Earthquakes in Basel
Did you feel the earthquake that hit the Basel region this past Saturday (September 10), at around 18:00? It was one of the stronger rumbles measured here in recent years, registering at 4.7 on the Richter scale, and its epicenter was located between Basel and Mulhouse in France.
Earthquakes are by no means rare in the Basel region, but only few are strong enough to be felt by people. The main reason for earthquakes to occur in this region is believed to be the geological structure of the Oberer Rheingraben (upper Rhine fault), an old rift system that is oriented northeast to southwest and whose southern end lies in the Basel region. It makes the Basel area the region with the second-highest seismic activity in Switzerland, after Valais. The most infamous example is the the earthquake that hit the Basel region on October 18, 1356, with an estimated magnitude of at least 6.6 on the Richter scale. It caused severe damage in the region and killed hundreds of people. Much of Basel was destroyed, either by the earthquake itself or the resulting fires, and large sections of the Münster, which already existed at that time, caved in.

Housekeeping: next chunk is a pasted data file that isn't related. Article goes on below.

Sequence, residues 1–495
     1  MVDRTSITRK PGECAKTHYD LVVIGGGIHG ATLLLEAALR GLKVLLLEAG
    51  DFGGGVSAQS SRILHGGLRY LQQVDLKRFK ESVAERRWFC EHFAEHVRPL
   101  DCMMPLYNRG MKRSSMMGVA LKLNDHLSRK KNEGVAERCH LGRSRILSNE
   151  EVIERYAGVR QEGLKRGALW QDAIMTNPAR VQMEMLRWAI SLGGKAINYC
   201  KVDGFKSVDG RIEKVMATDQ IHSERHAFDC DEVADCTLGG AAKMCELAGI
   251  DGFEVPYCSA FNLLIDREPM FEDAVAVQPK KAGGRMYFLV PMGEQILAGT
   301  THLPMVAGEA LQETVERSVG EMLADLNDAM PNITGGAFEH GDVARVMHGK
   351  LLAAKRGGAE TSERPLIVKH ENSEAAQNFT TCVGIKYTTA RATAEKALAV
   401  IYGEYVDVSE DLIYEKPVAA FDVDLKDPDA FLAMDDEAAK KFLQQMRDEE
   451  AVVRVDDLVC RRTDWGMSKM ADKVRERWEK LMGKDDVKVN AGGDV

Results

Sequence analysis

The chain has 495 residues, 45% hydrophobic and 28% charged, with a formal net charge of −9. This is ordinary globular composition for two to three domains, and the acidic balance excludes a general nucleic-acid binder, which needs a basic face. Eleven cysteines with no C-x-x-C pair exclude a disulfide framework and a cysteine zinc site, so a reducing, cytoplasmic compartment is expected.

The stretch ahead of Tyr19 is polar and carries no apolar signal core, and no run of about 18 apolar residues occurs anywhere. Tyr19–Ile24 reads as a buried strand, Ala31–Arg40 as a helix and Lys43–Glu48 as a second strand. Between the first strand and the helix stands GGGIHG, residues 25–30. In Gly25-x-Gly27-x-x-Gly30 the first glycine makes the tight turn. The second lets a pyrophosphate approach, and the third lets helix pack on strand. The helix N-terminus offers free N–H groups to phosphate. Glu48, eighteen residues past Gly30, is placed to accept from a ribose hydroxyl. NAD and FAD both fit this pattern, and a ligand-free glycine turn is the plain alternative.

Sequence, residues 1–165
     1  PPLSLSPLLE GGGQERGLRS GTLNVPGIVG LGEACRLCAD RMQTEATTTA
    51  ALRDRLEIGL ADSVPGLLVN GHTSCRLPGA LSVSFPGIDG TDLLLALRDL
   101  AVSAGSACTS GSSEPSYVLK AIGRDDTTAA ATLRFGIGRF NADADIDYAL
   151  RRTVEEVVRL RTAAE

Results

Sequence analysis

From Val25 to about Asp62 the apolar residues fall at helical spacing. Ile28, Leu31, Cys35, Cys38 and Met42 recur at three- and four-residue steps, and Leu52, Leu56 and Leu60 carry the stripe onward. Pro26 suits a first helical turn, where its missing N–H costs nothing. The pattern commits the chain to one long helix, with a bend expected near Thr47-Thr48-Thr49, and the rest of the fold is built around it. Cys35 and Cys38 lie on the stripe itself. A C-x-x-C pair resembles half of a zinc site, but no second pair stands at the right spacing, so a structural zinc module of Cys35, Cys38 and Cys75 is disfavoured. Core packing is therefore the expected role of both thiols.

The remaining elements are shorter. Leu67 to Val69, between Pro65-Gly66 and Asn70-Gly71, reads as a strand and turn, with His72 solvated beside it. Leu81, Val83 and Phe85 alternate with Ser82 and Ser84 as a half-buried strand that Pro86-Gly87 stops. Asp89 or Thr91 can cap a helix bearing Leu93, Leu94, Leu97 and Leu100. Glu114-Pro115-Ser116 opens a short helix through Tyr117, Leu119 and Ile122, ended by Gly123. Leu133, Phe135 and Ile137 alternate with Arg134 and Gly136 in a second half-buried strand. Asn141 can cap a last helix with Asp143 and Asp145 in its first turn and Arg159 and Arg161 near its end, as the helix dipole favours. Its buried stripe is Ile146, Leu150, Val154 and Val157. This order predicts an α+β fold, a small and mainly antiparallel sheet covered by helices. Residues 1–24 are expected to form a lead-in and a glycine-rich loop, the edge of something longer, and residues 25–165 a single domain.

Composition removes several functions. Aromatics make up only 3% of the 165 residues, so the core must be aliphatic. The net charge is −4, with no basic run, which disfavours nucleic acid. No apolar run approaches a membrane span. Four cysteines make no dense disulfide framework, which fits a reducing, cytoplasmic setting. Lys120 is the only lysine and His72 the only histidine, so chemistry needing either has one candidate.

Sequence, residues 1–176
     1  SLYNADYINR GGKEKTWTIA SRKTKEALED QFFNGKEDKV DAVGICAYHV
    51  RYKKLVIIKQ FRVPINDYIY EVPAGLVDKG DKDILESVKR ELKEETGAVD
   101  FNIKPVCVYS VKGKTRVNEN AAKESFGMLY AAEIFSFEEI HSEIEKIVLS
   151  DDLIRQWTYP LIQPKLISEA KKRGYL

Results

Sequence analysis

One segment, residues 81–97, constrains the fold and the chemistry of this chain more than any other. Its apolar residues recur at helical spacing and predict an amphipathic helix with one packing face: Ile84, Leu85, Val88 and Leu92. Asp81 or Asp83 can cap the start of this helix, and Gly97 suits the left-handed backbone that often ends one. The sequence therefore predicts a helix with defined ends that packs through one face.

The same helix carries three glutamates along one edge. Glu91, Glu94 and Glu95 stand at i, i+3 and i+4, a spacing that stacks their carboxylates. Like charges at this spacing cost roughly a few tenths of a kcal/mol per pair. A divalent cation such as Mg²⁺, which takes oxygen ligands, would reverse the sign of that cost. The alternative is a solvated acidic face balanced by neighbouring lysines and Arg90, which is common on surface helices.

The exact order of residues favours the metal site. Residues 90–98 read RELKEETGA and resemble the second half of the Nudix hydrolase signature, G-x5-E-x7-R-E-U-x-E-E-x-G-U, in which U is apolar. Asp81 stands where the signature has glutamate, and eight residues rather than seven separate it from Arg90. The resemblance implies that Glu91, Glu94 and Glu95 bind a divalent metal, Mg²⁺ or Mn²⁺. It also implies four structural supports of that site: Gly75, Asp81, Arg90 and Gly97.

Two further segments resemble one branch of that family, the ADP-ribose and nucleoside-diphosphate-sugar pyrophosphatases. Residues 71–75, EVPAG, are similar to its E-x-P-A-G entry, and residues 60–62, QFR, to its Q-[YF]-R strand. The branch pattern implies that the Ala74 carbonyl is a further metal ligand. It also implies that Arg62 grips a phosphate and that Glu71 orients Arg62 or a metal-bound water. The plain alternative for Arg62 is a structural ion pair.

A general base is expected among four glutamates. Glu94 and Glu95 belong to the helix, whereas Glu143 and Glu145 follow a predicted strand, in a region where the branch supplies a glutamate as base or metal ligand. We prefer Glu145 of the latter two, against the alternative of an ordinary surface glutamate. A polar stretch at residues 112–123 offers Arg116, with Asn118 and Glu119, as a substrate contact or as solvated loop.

Overall, the Swiss Seismological Service at ETH Zürich, with its nation-wide network of seismometers, records 1,000-1,500 earthquakes per year in Switzerland. But only about 10-20 of them are strong enough to be felt by citizens. And the Service estimates that the likelihood of an earthquake with a magnitude of 6 or more is only 1% within any given year. The map at the top shows the instrumental recorded earthquakes in Switzerland between 1975 and 2017 with a magnitude of at least 2.0 on the Richter scale.
If you want to learn more about earthquakes in Basel and Switzerland, how you can prepare, and what you should do in case a stronger earthquake does occur, download the article below, which was published in Basel Life Magazine in October 2019.